9. Population analyses of efficacy and safety of ABT-594 in subjects with diabetic peripheral neuropathic pain.

    Science.gov (United States)

    Dutta, Sandeep; Hosmane, Balakrishna S; Awni, Walid M

    2012-06-01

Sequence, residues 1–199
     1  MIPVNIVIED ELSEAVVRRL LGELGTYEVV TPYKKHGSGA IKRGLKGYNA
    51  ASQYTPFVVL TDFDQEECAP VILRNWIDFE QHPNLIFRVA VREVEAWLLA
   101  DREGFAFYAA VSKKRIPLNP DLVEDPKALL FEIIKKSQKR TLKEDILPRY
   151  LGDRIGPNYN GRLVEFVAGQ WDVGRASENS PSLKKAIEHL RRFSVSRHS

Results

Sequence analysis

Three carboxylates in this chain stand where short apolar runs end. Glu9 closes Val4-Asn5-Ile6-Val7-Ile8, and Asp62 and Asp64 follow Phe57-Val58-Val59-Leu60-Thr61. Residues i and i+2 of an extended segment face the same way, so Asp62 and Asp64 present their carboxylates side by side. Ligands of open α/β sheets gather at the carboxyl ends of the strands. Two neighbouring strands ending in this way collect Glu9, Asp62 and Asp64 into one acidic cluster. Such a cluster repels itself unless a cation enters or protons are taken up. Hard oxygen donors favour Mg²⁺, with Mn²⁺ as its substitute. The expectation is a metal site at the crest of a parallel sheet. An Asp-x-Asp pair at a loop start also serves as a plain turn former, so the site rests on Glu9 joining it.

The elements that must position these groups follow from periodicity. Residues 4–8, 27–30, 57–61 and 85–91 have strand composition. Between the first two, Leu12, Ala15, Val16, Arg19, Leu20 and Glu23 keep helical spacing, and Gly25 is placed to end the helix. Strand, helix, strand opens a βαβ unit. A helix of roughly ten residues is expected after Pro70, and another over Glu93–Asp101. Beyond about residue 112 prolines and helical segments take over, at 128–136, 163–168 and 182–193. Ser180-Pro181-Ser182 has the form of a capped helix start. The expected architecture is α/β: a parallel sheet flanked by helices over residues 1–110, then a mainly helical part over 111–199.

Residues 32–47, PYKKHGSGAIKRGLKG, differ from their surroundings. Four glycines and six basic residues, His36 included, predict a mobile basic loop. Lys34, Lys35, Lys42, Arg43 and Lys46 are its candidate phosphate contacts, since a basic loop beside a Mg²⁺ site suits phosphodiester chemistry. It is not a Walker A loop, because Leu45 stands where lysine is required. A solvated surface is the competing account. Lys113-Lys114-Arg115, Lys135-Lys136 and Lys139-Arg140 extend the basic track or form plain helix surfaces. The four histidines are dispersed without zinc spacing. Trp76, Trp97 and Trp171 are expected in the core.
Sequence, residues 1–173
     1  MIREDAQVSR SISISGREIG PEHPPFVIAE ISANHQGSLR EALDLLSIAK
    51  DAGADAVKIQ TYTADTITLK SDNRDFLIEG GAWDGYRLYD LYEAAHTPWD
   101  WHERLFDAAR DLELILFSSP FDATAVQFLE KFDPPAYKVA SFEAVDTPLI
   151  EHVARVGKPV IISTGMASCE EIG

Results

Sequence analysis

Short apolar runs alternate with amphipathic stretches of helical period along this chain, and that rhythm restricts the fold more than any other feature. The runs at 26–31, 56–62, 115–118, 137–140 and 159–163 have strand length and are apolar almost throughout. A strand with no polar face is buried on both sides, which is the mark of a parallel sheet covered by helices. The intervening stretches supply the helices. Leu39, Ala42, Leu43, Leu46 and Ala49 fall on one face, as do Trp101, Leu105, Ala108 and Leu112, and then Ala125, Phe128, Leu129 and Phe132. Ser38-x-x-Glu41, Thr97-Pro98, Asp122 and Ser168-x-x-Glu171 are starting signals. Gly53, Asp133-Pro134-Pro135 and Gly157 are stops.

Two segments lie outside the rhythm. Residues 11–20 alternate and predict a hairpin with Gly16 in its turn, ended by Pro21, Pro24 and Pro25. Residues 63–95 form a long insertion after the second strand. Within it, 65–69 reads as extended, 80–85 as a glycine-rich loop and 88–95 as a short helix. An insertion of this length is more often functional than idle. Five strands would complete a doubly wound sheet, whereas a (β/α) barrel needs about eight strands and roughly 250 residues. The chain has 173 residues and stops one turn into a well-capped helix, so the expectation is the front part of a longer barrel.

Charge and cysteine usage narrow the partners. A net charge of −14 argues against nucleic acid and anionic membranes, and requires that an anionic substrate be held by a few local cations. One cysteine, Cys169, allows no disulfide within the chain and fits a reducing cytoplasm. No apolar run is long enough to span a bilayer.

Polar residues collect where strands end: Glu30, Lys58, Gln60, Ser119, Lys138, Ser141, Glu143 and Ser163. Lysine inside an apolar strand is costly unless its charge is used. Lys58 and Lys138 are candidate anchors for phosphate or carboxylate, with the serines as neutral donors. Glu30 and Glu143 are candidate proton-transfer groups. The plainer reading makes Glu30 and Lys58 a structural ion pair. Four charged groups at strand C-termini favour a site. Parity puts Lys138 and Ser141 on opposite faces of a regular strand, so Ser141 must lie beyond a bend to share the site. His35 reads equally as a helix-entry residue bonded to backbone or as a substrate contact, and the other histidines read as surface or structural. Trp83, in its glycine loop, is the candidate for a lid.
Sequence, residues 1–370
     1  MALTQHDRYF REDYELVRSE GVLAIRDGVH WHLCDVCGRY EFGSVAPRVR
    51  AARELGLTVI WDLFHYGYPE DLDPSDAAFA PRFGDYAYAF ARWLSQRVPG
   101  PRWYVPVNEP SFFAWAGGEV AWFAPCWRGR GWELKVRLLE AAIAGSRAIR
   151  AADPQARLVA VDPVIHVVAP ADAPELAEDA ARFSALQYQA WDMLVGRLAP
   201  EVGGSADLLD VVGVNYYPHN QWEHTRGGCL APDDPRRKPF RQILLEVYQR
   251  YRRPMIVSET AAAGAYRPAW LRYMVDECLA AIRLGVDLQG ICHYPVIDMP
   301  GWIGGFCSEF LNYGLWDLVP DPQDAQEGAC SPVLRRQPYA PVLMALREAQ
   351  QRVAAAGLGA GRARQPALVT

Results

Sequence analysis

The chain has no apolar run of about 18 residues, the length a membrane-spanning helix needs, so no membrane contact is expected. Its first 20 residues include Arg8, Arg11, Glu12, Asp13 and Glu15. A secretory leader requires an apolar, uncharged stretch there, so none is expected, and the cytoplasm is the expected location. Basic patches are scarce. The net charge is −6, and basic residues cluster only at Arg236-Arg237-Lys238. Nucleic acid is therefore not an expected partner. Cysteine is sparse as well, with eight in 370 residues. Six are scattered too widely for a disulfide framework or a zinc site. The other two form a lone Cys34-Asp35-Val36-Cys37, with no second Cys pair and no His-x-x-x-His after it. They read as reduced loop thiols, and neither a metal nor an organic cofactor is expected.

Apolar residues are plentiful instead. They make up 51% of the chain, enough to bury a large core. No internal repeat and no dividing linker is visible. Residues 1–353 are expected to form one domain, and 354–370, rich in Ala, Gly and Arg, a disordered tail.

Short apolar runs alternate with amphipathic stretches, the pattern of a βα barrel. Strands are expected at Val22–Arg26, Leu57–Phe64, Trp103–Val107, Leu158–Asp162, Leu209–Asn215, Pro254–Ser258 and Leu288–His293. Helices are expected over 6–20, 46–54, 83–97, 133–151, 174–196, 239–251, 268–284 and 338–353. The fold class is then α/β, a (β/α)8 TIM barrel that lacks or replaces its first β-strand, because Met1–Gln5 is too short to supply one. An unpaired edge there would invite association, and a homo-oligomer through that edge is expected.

ABT-594, a neuronal nicotinic acetylcholine receptor ligand, is 30- to 100-fold more potent than morphine in animal models of nociceptive and neuropathic pain. Efficacy and safety of ABT-594 in subjects with painful diabetic polyneuropathy was evaluated in a phase 2 study. The objective of this work was to use a nonlinear mixed effects model-based approach for characterizing the relationship between dose and response (efficacy and safety) of ABT-594. Subjects (N = 266) were randomized into four groups in a double-blind, placebo-controlled, 7-week study to receive twice daily regimens of placebo or 150, 225, and 300 μg of ABT-594. The primary efficacy variable, pain score (11-point Likert scale), was assessed on five occasions. The probability of change from baseline pain score of ≥1, ≥2, and ≥3 was modeled using cumulative logistic regression with dose and days of treatment as explanatory variables. The incidence of five most frequently occurring adverse events (AEs) was modeled using linear logistic regression. ABT-594 ED(50) values (improvement in 50% of subjects) for improvement in pain scores of ≥1, ≥2, and ≥3 were 50, 215, and 340 μg, respectively, for the average number of days (33) on treatment. The rank order of ED(50) values for AEs was nausea, vomiting, dizziness, headache, and abnormal dreams; nicotine users were less sensitive to AEs. Population pharmacodynamic models developed to characterize the improvement in pain score and incidence of adverse events indicate an approximately twofold separation between the ED(50) values for efficacy and AEs.